51Es-RHxKqLThe Narrow Escape of Zipper-Girl by Adam-Troy Castro (Nightmare, June 2017): In this story, a very disturbed narrator becomes fascinated with a girl who had a body-mod zipper on her neck.  He chronicles his relationship with this woman he calls only “Zipper-Girl,” describing his increasing obsession with her zipper and its horrific potential.  We are in his head for the entire story, and he is one fucked up dude, which makes for one hell of a  creepy read.

Short Story Friday

In my attempt to become a writer, I’ve taken to writing short stories.  One of them was published this month.  In an effort to improve my craft, I try to read as many short stories as I can.  I’m…rather picky when it comes to short stories, much pickier than when it comes to novels (which is rather contrary, but what can I say), so it’s not often that I find a short story that truly speaks to me.  I’ve realized that I would like to keep track of those stories that touch me or teach me something, and so that birthed a new idea: Short Story Friday.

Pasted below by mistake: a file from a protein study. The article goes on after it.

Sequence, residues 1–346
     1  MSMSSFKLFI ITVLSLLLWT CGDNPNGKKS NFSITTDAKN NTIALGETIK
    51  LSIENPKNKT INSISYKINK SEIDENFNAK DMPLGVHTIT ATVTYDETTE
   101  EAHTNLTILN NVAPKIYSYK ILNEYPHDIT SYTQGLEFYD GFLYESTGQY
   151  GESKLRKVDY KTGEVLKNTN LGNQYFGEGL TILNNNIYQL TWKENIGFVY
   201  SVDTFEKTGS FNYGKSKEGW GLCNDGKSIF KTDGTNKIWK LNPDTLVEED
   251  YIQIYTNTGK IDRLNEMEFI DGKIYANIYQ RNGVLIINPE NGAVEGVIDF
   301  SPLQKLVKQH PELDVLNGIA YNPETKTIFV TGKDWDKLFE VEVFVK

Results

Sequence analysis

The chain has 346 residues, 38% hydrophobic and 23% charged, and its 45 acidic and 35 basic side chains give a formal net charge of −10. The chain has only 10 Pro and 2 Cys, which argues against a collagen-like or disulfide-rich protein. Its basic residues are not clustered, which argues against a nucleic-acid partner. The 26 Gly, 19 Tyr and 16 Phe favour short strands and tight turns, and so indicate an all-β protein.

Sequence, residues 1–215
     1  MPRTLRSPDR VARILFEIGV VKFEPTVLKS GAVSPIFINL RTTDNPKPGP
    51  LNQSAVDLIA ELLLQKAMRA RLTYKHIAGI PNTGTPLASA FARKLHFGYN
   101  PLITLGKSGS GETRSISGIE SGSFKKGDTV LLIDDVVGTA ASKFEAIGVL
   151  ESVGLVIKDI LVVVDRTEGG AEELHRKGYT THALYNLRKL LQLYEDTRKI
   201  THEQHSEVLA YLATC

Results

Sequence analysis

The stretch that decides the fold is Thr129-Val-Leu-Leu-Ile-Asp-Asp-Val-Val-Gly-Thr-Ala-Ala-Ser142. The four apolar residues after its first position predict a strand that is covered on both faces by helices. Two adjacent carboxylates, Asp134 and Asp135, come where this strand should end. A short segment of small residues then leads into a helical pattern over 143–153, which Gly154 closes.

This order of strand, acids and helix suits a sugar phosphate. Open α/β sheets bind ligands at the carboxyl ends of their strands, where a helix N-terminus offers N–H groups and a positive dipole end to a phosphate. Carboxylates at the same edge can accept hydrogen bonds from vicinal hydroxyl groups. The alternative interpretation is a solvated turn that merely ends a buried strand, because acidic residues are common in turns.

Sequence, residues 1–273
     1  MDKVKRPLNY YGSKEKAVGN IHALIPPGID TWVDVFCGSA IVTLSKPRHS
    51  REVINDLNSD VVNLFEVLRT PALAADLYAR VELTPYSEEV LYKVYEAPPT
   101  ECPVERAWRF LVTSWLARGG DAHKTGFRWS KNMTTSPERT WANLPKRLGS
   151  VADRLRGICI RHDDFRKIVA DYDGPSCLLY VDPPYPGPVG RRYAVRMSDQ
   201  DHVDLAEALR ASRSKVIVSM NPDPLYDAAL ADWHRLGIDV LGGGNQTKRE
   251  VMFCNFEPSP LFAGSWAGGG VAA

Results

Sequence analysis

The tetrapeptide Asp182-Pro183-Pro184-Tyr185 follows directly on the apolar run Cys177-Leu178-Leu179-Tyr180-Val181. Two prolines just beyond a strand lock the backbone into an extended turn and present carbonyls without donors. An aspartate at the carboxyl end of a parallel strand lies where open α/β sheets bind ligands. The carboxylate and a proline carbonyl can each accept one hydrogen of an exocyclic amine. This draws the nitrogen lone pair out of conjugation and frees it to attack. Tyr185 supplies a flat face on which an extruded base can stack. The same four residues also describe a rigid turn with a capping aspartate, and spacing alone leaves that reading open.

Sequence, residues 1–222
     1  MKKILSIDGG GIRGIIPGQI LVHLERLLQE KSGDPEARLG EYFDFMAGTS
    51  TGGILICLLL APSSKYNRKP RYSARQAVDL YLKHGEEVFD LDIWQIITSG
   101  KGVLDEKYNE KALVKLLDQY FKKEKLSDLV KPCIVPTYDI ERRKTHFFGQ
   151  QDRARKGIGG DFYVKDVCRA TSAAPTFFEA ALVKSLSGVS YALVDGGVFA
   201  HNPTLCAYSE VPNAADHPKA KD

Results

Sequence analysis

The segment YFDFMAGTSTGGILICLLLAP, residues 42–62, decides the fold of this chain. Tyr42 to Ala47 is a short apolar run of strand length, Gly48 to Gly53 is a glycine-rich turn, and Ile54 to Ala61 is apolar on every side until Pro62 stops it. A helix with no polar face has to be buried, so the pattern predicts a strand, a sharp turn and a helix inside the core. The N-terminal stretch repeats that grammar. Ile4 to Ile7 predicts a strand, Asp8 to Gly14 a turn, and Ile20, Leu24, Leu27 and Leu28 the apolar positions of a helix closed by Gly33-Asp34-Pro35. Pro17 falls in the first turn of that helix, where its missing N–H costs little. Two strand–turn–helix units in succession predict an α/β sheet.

On certain Fridays, I will share with you three short stories I have read that engaged me in some way.  This will also be a great way for me to encourage myself to read more short stories! I definitely don’t read enough.  And so, without further ado, I present my choices for this Friday:

51Gw-H6abtLSuddenwall by Sara Saab (Beneath Ceaseless Skies, March 2017): Suddenwall is exactly the high fantasy I like to read.  It chronicles a long war and examines the effects of genocide on the victims and perpetrators, many of whom now live in the sentient city of Vannat.  Somehow, Vannat knows when you’ve done wrong, and when it does, it entraps you within a concrete wall until you leave.  In this short story, Saab introduces a colorful, rich world with intriguing power structures.

Shimmer-21-CoverAnna Saves Them All by Seth Dickinson (Shimmer, September 2014): Anyone who knows me knows I’m obsessed with Dickinson’s debut novel, The Traitor Baru Cormorant.  In this short story, Dickinson demonstrates that he is all about the Sophie’s Choice.  A survivor of violence in Kurdistan, the protagonist Anna tries to negotiate with the strange alien aboard her ship.  Nobody on the crew but Anna can stand to talk to it.  The tension builds rapidly in this story, culminating in Anna making a horrific final decision.

TheDarkIssue18-220x340And In Our Daughters, We Find a Voice by Cassandra Khaw (The Dark, November 2016): Khaw’s story is a dark, bloody retelling of The Little Mermaid.  It begins with the Prince cooking and devouring the mermaid’s little sisters, babies who had been too young to resemble humans, unlike her.  The Prince “saved” our protagonist, took her into his home, and seeks to have children with her.  This story echoes with the sinister throughout, a deliciously chilling read that culminates in a bloody twist.